Congrats, kid, you’ve made it through a semester of college! While getting halfway there might not seem important, this is a big transition point. You’re out of your first batch of classes and into the next, hopefully with some fresh perspective on your studies and your future.
As good as relaxing sounds, it’s important to stay on top of your game. Your return to campus will be busy for plenty of reasons – moving back in, reconnecting with people, figuring out your new class schedule, and the like. But fear not! You can stay on track without losing your mind if you just prioritize your tasks.
This post is the seventh in a series I’m calling “Freshman Fifteen” – a set of fifteen posts that will walk you up to and into your freshman year of college. Read up on the first post here, or just dive in:
Prepping for Second Semester
These are the things you should be doing right off the bat. I know you’ve just gotten back to campus, it’s cold as the ninth circle out there, and the sun goes down at 4:30, but some things just have to be done.
Schedule an advising appointment. I’m not entirely certain that it’s possible to schedule “too many” advising appointments. As long as you’re eating, sleeping, getting to class on time, and socializing with some regularity, schedule as many as you want. But definitely at least one, to make sure you’re on the right track.
Figure out your schedule for the semester. If you’re working, make sure your shifts won’t overlap with classes. Ensure that you know where each of your classes are located. Did you just realize that you’re going to have to get a mile and a half across campus in ten minutes? Time to email your professors and see about leaving early or arriving late.
Get those syllabi under control. You know how your high school teachers told you that your professors would never remind you about homework, and you’d only know about it from the syllabus? I’ve never actually been in a class like that. But don’t underestimate the importance of the syllabus. If you’re not making a complete assignment list, at least make sure none of your pre-scheduled events line up, and prepare in advance for weeks from hell. I’ve got a whole post on using your syllabus right, if you want more guidance.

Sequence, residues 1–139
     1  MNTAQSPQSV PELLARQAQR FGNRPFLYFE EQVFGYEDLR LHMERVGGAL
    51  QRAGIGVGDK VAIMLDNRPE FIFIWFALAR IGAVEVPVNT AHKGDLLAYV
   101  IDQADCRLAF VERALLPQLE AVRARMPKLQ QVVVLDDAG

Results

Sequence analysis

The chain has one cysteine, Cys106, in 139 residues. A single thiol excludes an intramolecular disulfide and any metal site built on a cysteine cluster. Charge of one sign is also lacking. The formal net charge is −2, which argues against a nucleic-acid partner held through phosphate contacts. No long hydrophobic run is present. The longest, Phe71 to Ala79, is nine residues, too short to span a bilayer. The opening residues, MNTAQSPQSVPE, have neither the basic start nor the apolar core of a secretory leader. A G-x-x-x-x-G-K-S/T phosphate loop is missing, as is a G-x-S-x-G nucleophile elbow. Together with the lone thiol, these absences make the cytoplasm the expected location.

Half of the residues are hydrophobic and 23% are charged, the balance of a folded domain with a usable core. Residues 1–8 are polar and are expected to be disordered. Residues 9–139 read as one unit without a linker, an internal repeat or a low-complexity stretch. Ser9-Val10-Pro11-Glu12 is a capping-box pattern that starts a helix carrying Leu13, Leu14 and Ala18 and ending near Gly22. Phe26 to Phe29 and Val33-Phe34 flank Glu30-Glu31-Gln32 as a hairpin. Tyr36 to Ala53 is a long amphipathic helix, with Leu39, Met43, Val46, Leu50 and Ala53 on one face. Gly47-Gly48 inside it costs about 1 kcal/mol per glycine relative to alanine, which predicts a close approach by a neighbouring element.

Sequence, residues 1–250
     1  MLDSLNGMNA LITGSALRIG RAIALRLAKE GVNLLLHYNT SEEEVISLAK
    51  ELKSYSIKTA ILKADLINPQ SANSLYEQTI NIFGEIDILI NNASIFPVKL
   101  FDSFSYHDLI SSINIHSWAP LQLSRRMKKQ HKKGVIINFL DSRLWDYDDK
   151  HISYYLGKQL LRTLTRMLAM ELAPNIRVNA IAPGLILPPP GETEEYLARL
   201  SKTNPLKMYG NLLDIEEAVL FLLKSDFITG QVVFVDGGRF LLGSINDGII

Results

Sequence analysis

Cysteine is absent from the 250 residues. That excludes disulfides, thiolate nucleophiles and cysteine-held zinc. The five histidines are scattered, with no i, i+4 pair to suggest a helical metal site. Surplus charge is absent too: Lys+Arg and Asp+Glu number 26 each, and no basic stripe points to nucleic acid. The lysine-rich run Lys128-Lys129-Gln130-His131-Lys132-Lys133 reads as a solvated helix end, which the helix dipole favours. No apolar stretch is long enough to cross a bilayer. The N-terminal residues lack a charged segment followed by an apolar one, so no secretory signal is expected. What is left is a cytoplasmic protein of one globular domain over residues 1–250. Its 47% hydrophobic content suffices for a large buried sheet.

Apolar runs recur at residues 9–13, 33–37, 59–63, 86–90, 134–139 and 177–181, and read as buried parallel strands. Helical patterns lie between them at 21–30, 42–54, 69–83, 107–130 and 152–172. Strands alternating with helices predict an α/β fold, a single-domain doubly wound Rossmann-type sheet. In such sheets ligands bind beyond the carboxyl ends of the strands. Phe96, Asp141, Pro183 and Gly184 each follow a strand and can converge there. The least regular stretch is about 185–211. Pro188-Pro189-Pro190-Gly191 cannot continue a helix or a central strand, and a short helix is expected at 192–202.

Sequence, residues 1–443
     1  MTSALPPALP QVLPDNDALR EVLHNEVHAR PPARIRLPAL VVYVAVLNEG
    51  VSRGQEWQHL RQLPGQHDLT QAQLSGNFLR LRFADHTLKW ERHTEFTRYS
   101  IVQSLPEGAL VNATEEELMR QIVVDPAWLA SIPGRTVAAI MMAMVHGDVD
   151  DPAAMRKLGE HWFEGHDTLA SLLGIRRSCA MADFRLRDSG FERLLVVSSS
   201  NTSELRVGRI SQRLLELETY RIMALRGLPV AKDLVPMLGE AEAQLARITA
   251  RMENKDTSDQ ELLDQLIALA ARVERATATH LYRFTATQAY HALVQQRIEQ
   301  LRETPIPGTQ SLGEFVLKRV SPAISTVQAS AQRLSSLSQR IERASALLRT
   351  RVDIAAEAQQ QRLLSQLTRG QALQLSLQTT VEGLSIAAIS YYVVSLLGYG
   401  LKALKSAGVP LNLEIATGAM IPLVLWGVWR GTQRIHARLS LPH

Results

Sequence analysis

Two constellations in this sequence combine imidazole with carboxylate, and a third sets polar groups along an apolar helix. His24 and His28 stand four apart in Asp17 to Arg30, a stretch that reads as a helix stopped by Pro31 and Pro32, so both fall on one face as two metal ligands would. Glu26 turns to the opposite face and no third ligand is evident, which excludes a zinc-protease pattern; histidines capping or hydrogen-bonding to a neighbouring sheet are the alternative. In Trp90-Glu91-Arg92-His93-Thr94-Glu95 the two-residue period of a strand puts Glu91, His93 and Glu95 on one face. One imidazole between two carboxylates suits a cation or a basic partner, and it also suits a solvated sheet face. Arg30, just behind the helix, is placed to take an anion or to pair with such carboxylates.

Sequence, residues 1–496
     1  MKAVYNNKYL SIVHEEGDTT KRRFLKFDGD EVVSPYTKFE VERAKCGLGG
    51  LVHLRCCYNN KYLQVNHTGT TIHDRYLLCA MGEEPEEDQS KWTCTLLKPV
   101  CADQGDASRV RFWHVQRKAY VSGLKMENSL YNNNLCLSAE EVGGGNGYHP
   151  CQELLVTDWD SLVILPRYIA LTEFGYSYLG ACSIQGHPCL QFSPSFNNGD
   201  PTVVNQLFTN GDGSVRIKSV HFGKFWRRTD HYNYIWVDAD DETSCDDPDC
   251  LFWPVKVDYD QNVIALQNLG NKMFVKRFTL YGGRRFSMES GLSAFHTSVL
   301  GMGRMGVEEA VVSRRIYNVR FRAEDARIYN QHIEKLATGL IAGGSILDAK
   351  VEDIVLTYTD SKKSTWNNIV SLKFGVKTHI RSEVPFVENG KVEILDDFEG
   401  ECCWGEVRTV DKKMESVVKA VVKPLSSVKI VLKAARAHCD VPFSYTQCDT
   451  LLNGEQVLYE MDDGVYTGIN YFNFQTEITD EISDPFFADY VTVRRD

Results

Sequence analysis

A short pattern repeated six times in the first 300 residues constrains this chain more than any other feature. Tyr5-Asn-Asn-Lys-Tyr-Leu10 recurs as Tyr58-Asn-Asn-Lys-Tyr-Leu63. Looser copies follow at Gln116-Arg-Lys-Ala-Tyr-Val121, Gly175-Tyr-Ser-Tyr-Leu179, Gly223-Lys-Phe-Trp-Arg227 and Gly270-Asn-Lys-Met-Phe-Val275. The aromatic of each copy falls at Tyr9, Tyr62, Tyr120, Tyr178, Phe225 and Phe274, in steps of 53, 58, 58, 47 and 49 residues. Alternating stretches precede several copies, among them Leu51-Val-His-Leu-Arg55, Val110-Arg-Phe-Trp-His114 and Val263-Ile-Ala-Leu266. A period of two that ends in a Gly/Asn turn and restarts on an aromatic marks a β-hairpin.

Update your resume. No matter when you start applying for your summer work, you’ll want to have your first semester accomplishments added to your resume sooner rather than later. Your campus likely has a writing center or career office that will be happy to help you revamp. Purge high-school-level filler and focus on your skills, talents, and education as best you can.
Start the job/internship search (if you’re in a big city or highly competitive major). I don’t have a lot of experience with this level of demand, but I know a lot of Chicago kids and Computer Science majors who want to have their summer work plans on lock by mid-February. It seems like larger metropolises and some majors really favor this timeline. Not sure if your major applies? That sounds like a question for your upcoming advisory appointment.
These are things you should get around to. If they’re not done by the time you get back to campus, no big deal, but make sure you look at them within the first few weeks of the semester.
Clear out. If you’re anything like me, you have approximately one million old handouts from last semester lying around your dorm. It’s not a bad idea to hang on to old papers or notes, in case you can help a friend or need to deal with some administrative issues, but it is a bad idea to just leave them out. Find a safe, out-of-the-way place to file them in some semblance of order and you’ll be good.